Nursing care plan cerebrovascular accident

I. Pathophysiology—Cerebrovascular accident (CVA, “stroke”
or “brain attack”) is injury or death to parts of the brain caused
by an interruption in the blood supply to that area causing disability,
such as paralysis or speech impairment.

II. Types
a. Ischemic stroke: Impaired cerebral circulation caused by a
partial or complete occlusion of a blood vessel with transient
or permanent effects.
i. Accounts for 80% to 85% of all strokes (Morrison,
2007), with carotid stenosis as the leading cause
(Phillips, 2007).
ii. Subdivided based on the underlying cause.
1. Large-vessel thrombotic and embolic strokes
2. Small-vessel thrombotic stroke
3. Cardioembolic stroke
4. Other
iii. Ischemia may be transient and resolve within 24 hours,
be reversible with resolution of symptoms over a period
of 1 week (reversible ischemic neurological deficit
[RIND]), or progress to cerebral infarction with variable
effects and degrees of recovery.
b. Hemorrhagic stroke: result of a vessel wall rupture with
bleeding into the brain, compressing brain tissue
i. Accounts for approximately 15% to 20% of cerebrovascular
accidents (Morrison, 2007), with only 20% of
patients regaining functional independence (Nassisi,

III. Etiology
a. Ischemic stroke
i. Large-vessel thrombotic and embolic strokes result from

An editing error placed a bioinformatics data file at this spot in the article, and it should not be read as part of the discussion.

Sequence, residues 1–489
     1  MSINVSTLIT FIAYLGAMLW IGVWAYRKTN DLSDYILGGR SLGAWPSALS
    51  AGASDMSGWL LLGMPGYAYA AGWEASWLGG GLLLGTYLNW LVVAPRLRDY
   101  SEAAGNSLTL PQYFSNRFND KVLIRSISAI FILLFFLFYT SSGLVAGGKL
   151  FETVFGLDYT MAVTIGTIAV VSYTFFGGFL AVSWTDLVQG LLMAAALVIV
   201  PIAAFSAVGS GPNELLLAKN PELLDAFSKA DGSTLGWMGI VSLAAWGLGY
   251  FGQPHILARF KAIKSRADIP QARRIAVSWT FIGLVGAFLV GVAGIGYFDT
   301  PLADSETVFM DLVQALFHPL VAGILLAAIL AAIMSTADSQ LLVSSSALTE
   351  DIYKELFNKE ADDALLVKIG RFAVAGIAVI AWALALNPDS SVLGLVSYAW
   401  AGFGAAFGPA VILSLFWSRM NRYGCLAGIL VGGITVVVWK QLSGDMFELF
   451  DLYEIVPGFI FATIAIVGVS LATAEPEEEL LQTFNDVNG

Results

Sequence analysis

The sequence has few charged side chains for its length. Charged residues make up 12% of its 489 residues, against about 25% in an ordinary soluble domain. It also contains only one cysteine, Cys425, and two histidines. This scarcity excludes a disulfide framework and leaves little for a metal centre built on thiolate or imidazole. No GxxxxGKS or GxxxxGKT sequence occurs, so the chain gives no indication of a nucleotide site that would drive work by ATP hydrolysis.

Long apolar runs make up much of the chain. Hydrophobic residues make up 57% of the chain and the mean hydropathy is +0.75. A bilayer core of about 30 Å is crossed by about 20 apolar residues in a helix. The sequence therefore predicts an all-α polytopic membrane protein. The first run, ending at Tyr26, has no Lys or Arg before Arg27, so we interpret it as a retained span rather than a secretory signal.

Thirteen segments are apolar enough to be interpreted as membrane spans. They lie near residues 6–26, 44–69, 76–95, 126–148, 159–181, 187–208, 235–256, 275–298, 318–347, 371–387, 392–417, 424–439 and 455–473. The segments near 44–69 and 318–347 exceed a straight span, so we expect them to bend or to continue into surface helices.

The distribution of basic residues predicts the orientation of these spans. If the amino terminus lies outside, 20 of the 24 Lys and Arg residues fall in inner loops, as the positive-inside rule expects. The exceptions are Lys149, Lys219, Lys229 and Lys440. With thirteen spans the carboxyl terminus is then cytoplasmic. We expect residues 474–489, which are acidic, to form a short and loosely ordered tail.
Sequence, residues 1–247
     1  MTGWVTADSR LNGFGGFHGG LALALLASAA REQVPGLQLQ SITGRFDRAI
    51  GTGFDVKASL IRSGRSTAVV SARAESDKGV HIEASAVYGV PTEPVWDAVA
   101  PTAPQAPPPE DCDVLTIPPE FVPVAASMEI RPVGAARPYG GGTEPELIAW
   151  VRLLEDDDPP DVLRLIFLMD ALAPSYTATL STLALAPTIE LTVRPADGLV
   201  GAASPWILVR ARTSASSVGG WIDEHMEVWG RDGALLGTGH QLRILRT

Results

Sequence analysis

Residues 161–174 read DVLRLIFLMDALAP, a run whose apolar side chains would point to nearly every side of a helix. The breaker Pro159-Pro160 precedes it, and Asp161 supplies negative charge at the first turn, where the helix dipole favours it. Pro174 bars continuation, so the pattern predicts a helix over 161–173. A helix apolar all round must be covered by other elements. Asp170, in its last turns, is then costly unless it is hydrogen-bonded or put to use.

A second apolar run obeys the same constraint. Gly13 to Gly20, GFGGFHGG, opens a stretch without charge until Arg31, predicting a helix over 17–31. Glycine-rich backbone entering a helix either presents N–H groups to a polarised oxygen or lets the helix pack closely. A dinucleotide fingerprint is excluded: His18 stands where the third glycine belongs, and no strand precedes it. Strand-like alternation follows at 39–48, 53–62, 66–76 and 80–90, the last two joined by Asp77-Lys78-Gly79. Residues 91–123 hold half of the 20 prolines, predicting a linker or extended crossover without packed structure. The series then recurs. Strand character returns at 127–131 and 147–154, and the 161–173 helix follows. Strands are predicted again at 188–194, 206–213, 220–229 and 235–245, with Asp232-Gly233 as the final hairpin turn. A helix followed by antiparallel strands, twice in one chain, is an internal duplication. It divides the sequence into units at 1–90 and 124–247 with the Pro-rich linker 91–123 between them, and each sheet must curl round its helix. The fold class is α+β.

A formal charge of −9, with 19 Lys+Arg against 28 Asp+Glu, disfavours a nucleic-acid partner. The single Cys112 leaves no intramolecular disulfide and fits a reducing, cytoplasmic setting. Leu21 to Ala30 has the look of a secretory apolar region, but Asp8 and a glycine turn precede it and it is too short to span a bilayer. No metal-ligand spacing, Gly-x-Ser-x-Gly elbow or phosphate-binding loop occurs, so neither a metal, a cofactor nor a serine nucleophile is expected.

hypoperfusion, hypertension, and emboli traveling from
large arteries to distal branches.

Care Setting
Although the client may initially be cared for in the intensive
care unit (ICU) for severe or evolving deficits, this plan
of care focuses on the step down from medical unit and subacute
and rehabilitation units to the community level.

Related Concerns
Hypertension: severe
Craniocerebral trauma (acute rehabilitative phase)
Psychosocial aspects of care
Seizure disorders
Total nutritional support: parenteral/enteral feeding

Nursing Priorities
1. Promote adequate cerebral perfusion and oxygenation.
2. Prevent or minimize complications and permanent disabilities.
3. Assist client to gain independence in activities of daily
living (ADLs).
4. Support coping process and integration of changes into
5. Provide information about disease process, prognosis,
and treatment and rehabilitation needs.

Discharge Goals
1. Cerebral function improved and neurological deficits
resolving or stabilized.
2. Complications prevented or minimized.
3. ADLs needs met by self or with assistance of other(s).
4. Coping with situation in positive manner and planning for
the future.
5. Disease process, prognosis, and therapeutic regimen
6. Plan in place to meet needs after discharge.

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